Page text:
Media Release – 13 January 2017
A survey published in today’s New Zealand Medical Journal mistakenly claims to show that 66% of New Zealanders support the legalisation of euthanasia.
The survey asked, “Suppose a person has a painful incurable disease. Do you think that doctors should be allowed by law to end the patient’s life if the patient requests it?”
“The phrase “end the person’s life” is overly vague and could mean different things to different people,” said Renée Joubert, executive officer of Euthanasia-Free NZ.
“We know from interacting with people all over the country that there is widespread confusion about what euthanasia actually means. We often encounter people who confuse euthanasia with end-of-life decisions that are legal, such as switching off life support, a patient refusing treatment or a doctor withdrawing futile treatment. Some people don’t know that a doctor can legally administer pain relief with the intention of relieving symptoms, even if it may shorten the person’s life as a side effect. This is not euthanasia.”
“The survey question is also overly emotive, by referring to pain,” said Ms Joubert. “Nowadays terminally ill people do not need to die in pain.”
The authors acknowledge the limitations of their study:
“Euthanasia is an emotionally laden issue and it is important to recognize that the way in which the question is asked could affect how people respond… The item in our study included the terms ‘painful’, ‘incurable disease’ and ‘request’, which may have influenced participants to express increased support for euthanasia.”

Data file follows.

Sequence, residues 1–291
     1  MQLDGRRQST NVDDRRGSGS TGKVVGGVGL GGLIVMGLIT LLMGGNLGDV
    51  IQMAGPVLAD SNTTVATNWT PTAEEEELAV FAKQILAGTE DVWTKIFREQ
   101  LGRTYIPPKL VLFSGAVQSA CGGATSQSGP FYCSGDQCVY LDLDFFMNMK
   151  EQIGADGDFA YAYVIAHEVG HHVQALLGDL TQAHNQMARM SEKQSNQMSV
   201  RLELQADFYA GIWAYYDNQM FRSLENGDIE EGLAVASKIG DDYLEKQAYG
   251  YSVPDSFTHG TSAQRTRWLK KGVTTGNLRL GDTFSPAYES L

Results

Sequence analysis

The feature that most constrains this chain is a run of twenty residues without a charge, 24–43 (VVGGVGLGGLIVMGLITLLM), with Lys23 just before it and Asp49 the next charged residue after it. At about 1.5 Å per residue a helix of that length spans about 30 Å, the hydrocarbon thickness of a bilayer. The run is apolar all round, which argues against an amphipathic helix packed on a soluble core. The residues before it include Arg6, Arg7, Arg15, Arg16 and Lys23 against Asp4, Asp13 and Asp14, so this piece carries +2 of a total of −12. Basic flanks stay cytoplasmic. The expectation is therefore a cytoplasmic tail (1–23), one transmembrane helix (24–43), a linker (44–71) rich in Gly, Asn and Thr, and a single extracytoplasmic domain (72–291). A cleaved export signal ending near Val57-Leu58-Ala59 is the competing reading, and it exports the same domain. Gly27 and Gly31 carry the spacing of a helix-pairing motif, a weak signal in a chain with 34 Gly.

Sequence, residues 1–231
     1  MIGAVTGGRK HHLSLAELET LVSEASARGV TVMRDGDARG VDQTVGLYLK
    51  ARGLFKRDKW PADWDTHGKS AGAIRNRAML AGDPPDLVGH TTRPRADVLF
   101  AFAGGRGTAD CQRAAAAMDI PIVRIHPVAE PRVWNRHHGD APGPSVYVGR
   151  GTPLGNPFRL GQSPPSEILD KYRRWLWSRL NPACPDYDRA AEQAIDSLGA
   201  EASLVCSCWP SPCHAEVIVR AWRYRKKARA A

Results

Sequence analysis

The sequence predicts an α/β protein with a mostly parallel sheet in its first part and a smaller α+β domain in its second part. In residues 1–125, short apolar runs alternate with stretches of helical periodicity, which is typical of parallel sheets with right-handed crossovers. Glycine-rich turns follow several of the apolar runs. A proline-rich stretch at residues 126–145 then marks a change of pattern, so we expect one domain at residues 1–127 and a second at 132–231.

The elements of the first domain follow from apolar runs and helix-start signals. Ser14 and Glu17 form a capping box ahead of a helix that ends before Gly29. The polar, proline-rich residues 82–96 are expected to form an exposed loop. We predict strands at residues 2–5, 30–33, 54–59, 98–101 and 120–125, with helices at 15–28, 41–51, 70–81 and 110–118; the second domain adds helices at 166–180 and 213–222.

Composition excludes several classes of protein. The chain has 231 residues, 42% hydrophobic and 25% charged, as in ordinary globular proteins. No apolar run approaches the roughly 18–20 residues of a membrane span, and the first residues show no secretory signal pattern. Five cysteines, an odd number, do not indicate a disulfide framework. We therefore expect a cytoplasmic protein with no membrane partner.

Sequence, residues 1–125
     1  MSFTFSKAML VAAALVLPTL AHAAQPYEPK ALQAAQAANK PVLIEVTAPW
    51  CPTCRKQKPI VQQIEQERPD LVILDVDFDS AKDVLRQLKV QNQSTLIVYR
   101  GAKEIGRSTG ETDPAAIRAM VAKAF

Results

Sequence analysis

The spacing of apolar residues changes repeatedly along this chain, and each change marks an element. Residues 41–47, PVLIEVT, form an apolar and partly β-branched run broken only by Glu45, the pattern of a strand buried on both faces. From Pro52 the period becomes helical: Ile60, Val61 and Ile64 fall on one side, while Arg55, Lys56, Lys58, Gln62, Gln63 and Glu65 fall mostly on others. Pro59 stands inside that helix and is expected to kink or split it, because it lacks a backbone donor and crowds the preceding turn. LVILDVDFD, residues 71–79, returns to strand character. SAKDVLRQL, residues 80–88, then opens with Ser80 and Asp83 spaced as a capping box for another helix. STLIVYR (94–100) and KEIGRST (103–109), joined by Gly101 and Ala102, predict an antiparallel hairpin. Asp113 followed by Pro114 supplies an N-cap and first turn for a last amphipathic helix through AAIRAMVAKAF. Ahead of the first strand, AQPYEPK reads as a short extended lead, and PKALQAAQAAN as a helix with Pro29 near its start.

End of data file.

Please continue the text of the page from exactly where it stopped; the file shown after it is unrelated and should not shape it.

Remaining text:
“The question used in our study included the term ‘painful’ but did not mention any psychological factors associated with desires for euthanasia. This raises the possibility that our findings do not represent people’s support for the concept of euthanasia per se, but instead, support for assisted death in the face of severe physical pain (emphasis added).”
The authors quote an Australian study by Parkinson et al which found that subtle changes in wording corresponded with a massive 48% difference in the level of support.
Seventy-nine percent of respondents stated that they “support the idea of euthanasia”. Seventy per cent of respondents agreed that “a doctor should be able to assist a patient to die”. However, only 31% agreed that “a doctor should be able to deliberately bring about a patient’s death”.
“The latter is an accurate description of euthanasia: It indeed involves one person deliberately bringing about another person’s death, usually by means of lethal injection,” said Ms Joubert.
“Public attitudes to euthanasia cannot be adequately explored by asking a single question that elicits single-word answers. The issue of whether euthanasia and assisted suicide should be legalised is far too complex.
“The current investigation by Parliament’s Health Select Committee is a more accurate reflection of what Kiwis really think and feel about changing the law.”
The Committee announced that they processed 21,435 unique written submissions on the issue and has already heard more than 700 of the 1,800 oral submitters who wished to speak. According to a random analysis 78% of written submissions are opposed to changing the law.